“It works like this,” Earl Grey said. “We call a Convocation of Ghosts at the House of Lords. Ghosts from all over the British Isles will converge on Lords. We’ll surround Lords and won’t let the lords out until the situation with her ladyship is resolved. We’ll squeeze them until they pop. And pop they surely shall.”

“But we can’t leave the manor house,” B. P. said. “It’s hard enough for one of us to get permission. You are talking about all the ghosts in England.”

“And Scotland and Wales,” Earl Grey said. “You’ve done this before, Sir Long John. How shall we proceed?”

“We have to have a very urgent need,” Sir Long John said, “one of national import.”

“This is of national import,” Butler said. “If Lords can take her ladyship’s lands and title away, then no one is safe. No American girl will marry a English lord ever again. There won’t be the guarantee of a title. This movement is led by all those wives of lords who are British. They don’t care for the American incursion. The large estates will eventually be split up and die without the wealth these American women have to offer.”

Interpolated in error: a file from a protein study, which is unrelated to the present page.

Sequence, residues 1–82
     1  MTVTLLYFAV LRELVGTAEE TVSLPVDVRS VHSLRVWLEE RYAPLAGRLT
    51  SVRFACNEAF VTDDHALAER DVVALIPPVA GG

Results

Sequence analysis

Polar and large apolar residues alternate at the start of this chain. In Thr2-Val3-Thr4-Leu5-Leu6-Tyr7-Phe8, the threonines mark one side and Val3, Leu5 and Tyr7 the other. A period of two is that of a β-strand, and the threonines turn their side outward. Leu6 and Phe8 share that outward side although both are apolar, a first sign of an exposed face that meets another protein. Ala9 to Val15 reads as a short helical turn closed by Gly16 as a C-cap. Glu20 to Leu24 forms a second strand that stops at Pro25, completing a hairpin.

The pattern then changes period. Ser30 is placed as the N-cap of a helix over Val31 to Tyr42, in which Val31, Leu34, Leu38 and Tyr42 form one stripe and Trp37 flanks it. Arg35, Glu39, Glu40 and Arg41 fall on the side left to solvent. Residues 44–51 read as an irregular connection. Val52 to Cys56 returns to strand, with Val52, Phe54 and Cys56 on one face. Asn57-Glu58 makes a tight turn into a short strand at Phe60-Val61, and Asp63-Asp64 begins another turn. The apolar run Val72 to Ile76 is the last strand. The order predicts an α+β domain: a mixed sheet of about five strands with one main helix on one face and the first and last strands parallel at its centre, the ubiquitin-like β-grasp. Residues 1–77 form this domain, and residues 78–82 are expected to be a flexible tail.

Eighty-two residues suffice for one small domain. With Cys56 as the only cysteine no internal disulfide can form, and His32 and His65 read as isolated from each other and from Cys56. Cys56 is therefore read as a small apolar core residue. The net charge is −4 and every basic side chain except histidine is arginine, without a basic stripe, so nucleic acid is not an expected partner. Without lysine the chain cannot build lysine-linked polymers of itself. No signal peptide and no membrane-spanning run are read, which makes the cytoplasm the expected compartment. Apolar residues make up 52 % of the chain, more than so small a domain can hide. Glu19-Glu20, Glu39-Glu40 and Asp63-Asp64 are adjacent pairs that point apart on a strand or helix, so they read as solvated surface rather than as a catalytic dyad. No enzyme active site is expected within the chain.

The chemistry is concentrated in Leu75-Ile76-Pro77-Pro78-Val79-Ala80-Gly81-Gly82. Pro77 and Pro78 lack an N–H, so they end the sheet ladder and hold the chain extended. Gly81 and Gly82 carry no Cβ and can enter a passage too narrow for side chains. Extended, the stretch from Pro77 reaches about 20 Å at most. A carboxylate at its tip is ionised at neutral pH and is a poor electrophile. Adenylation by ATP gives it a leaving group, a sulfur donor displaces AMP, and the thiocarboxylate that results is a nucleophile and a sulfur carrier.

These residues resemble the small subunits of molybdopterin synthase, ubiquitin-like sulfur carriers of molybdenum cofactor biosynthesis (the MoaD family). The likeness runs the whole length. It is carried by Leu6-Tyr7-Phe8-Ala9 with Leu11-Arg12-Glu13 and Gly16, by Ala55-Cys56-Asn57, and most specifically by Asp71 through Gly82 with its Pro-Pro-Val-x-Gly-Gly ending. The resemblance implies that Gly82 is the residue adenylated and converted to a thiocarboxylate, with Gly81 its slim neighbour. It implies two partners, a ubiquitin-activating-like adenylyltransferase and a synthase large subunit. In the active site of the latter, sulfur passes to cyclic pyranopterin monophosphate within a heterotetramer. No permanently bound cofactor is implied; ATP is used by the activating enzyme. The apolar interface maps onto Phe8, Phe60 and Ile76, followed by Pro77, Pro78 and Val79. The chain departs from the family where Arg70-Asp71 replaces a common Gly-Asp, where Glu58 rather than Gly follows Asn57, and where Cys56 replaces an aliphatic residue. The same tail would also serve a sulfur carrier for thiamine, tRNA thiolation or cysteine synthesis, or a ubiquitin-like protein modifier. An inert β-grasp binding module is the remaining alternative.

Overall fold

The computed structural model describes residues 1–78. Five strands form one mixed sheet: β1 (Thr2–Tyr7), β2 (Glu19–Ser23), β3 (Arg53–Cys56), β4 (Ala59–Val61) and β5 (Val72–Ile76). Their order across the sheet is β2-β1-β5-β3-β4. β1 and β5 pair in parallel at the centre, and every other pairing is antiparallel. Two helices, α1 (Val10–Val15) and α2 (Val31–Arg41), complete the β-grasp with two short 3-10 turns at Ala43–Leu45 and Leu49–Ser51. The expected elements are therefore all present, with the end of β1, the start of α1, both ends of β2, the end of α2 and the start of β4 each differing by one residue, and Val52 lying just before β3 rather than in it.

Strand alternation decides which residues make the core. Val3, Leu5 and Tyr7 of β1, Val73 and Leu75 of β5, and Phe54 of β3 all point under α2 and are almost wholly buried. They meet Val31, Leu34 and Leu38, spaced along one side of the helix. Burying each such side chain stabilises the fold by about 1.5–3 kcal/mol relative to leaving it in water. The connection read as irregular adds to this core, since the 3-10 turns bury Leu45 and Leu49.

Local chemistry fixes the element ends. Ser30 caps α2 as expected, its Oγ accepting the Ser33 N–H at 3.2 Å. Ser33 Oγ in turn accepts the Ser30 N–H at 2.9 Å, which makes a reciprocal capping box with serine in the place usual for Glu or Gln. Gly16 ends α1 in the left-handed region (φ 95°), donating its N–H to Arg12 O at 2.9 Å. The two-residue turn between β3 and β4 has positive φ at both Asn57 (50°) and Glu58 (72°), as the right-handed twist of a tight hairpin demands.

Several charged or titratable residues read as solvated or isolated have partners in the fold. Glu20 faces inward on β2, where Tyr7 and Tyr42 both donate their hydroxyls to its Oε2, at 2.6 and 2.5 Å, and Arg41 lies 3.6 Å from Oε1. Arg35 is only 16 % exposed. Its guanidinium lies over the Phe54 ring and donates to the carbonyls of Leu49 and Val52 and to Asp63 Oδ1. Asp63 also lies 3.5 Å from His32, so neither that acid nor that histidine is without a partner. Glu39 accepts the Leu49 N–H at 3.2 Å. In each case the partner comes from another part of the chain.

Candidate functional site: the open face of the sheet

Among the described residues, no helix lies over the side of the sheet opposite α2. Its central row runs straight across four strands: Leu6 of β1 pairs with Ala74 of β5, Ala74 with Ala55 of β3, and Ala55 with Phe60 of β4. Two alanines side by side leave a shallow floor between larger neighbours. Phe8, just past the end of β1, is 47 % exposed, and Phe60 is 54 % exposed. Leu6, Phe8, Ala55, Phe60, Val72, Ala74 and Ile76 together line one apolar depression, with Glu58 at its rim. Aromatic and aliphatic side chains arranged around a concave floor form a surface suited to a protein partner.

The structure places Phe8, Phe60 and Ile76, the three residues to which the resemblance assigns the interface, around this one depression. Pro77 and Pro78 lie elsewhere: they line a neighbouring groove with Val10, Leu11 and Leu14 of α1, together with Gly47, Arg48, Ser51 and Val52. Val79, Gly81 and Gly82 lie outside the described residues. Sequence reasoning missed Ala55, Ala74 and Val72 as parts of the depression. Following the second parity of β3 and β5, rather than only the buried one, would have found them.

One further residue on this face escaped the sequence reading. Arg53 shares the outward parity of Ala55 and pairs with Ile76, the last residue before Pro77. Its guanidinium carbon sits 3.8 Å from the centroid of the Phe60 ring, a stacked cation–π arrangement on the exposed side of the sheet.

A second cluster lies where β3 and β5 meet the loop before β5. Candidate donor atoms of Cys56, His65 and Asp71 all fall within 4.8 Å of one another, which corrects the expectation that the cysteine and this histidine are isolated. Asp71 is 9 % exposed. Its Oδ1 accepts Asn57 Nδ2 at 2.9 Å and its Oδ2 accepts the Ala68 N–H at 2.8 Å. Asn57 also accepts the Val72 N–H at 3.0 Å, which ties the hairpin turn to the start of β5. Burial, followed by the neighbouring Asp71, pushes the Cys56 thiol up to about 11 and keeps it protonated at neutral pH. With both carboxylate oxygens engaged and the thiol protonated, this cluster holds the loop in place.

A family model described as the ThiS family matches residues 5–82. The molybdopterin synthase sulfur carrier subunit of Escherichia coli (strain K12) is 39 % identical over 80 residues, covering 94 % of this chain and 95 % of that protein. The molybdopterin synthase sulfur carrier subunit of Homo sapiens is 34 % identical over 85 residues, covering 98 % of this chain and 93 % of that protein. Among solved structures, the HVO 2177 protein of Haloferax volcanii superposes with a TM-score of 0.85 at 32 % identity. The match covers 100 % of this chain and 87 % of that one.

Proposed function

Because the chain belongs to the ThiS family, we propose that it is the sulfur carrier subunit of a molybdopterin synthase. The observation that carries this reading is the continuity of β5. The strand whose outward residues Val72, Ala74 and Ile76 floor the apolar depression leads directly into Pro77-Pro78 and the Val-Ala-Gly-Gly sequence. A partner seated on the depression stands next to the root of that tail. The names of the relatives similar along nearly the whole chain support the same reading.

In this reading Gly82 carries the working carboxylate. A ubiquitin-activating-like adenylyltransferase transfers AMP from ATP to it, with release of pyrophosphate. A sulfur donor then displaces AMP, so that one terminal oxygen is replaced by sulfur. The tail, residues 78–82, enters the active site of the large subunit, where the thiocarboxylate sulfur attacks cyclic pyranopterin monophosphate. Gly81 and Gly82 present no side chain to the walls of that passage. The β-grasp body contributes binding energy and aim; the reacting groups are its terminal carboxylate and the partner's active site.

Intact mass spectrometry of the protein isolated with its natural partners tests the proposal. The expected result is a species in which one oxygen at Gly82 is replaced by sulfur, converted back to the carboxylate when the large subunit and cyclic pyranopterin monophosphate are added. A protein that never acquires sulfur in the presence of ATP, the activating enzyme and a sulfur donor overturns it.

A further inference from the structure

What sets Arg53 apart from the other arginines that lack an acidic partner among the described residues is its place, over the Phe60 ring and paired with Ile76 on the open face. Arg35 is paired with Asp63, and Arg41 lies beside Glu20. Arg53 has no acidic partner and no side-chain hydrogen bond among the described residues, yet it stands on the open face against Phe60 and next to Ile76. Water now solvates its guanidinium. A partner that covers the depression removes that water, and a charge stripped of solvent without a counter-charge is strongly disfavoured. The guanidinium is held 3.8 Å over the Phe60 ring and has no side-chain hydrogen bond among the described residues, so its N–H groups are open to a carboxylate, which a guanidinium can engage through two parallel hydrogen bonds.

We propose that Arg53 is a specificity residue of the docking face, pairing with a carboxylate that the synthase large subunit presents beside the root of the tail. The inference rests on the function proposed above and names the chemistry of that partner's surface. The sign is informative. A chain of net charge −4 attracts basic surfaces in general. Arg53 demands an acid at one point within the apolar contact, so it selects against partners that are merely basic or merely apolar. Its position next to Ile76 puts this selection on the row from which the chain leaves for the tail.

“That’s national and emergency enough, boys,” B. P. threw his two cents in. “Don’t you think?”

“I say,” Earl Grey said. “I believe it is. Then we call a Gathering of Ghosts.”

“First we have to get permission,” Sir Long John said, “from the Riders of the Sky to approach the Spirits Council. Earl Grey, you were a solicitor. You prepare a brief, and make your brief brief. Please don’t be the windbag you are in these cases. If the Spirits Council agrees, there will be a Gathering of Ghosts, and Lords will never be the same. But we don’t have much time. I have one question for ye lads?”

“Yes?,” B. P., Butler, Earl Grey asked.